Wednesday, January 14, 2009

Life in the Land of Vintage...The "Dearly Departed"

Over the course of a young lifetime, I was witness to an amazing array of furniture and glassware, as well as the odd, the unusual and the sublime. While both Mom and Dad bought things, it was Mom who got the "bizarre" items which included things that would raise most people's eyebrows...a taxidermied chicken (it did look cute nesting in a basket in her kitchen), a wall mounted pig castrator (she made it into a fun & kitschy flower planter), several life -sized "Johnny Walker Red" (Scotch Whiskey) plywood dummy boards ( in their red tailcoats & top hats, they DID work well in an outdoor Christmas display) and then there was the Victorian Flower Sellers Basket...

Mom came home one day all excited...she'd been to a "fabulous" sale at a local antiques mart and had made an incredible buy!

She had been nosing around the cob-webby & dusty booth (her favorite kind) of a new seller at Red Lion Antiques Mart. She found loads of ancient silk & velvet flowers, panels of ruched satin, yards of black bombazine material and bolts of wide ribbon (today these items would be called "shabby chic"...Mom always was ahead of her time). Underneath a bunch of medieval looking tools, she found a rather large, long, lidded wicker basket. Espying her rapidly growing pile of flowers and ribbons, the smooth-talking booth owner explained that he'd purchased all of the items in Chicago from the estate of a former British subject. He "believed" the basket to be that of a Flower Seller from Victorian London. It had been attached to the back of a horse drawn wagon to sell flowers on the street in the late 1800's. The wicker would allow air to circulate around the flowers and the lid prevented damage from the sun and wind. The strange tools were used in the production of the silk and velvet flowers. The price, while a little steep, was acceptable and she ended up buying it all and packed it into our well-used station wagon and carted it home. She just couldn't believe her luck in stumbling upon such wonderful items from the Victorian era, as well as all of the tools of the florist trade.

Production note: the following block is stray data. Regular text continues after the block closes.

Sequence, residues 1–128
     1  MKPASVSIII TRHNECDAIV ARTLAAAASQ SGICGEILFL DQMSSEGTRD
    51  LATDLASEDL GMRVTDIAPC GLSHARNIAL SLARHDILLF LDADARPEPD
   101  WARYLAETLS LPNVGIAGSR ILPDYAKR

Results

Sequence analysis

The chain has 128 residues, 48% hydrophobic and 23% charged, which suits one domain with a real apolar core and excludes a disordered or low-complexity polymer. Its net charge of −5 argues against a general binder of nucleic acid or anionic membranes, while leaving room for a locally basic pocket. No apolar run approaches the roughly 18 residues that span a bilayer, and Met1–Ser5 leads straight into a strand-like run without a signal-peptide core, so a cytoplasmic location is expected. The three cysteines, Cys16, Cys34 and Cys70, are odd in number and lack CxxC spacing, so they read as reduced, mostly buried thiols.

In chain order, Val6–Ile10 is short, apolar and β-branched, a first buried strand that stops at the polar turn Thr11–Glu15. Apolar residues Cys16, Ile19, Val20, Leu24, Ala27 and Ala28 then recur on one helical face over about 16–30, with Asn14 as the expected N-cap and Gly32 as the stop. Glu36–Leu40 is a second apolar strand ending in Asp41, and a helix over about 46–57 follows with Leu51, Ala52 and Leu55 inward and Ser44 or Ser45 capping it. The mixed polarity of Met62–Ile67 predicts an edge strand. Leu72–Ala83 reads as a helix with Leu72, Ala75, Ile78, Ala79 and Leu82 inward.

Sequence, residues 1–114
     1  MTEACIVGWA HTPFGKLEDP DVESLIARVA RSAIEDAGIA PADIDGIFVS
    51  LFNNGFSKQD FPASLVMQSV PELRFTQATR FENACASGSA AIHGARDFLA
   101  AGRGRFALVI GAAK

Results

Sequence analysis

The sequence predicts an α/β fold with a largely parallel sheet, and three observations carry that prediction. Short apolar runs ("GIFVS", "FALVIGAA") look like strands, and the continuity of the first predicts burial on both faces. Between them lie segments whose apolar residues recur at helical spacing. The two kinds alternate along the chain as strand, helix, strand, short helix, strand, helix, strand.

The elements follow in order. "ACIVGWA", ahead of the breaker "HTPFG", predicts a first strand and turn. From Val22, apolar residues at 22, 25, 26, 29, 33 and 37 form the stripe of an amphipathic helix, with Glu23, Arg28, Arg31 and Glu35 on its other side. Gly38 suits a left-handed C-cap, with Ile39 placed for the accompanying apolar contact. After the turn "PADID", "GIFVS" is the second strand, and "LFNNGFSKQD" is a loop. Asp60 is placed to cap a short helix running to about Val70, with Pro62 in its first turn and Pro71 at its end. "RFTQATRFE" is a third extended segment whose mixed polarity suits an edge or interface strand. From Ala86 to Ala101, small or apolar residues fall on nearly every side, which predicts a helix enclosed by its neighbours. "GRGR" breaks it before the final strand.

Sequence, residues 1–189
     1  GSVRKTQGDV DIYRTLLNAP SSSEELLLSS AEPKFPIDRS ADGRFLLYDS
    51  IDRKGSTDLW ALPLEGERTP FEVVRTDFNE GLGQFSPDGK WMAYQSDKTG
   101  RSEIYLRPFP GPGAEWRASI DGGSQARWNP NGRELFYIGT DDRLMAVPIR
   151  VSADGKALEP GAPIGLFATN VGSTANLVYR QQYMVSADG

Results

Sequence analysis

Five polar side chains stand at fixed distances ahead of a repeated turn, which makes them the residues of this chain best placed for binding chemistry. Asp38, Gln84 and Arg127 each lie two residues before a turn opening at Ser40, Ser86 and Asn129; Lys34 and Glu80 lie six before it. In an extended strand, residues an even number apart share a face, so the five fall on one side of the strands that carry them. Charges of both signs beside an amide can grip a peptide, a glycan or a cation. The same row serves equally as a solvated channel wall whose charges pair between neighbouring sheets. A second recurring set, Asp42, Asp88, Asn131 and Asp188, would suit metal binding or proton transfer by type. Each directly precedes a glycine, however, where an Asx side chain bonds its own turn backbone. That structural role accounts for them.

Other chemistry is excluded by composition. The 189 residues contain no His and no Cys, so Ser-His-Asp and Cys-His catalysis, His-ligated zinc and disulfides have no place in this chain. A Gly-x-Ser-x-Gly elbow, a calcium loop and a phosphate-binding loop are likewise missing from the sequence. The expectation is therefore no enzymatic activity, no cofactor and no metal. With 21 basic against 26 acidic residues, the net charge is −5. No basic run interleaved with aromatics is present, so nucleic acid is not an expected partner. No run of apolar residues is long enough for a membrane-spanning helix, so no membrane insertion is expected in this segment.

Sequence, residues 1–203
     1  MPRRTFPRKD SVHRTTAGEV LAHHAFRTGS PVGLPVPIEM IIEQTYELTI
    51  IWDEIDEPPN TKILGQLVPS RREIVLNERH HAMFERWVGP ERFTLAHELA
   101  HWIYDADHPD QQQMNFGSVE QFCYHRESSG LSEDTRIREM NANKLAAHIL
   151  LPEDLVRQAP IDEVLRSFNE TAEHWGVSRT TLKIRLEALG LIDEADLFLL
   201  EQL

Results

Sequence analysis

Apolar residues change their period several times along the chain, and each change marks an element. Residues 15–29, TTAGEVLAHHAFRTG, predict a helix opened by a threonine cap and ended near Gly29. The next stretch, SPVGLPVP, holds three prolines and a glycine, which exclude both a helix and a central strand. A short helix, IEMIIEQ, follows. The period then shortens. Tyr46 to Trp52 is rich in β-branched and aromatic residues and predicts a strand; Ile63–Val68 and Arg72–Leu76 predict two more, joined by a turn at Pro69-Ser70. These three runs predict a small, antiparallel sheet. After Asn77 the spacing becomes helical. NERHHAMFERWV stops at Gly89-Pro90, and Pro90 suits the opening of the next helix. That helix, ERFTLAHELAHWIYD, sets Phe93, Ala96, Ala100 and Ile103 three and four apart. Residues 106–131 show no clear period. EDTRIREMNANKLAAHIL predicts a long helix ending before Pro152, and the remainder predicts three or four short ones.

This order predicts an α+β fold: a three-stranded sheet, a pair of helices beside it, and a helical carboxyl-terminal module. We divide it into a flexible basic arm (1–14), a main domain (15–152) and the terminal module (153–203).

At an antique show a couple of weeks later, Mom bumped into a friend who was also a dealer in the area. They were discussing the latest gossip when Mom spotted the gentleman from whom she purchased the basket and related items. She asked her friend if he'd ever met the seller before. He admitted that, "No, I've not been introduced but I know OF him." He said, "You know that I'll purchase almost anything if it'll turn a profit, but that guy really goes beyond the limits of good taste. Just a couple of weeks ago, the owner of the Red Lion told me this guy had the entire contents of an old funeral and funeral arrangements, embalmers tools, shrouds and even a REPOSSESSED wicker CASKET in his booth. He fed some poor ignorant woman a story that it all came from an old florist shop in England and she bought every word and every danged item! Some people will buy anything if the story is good enough!"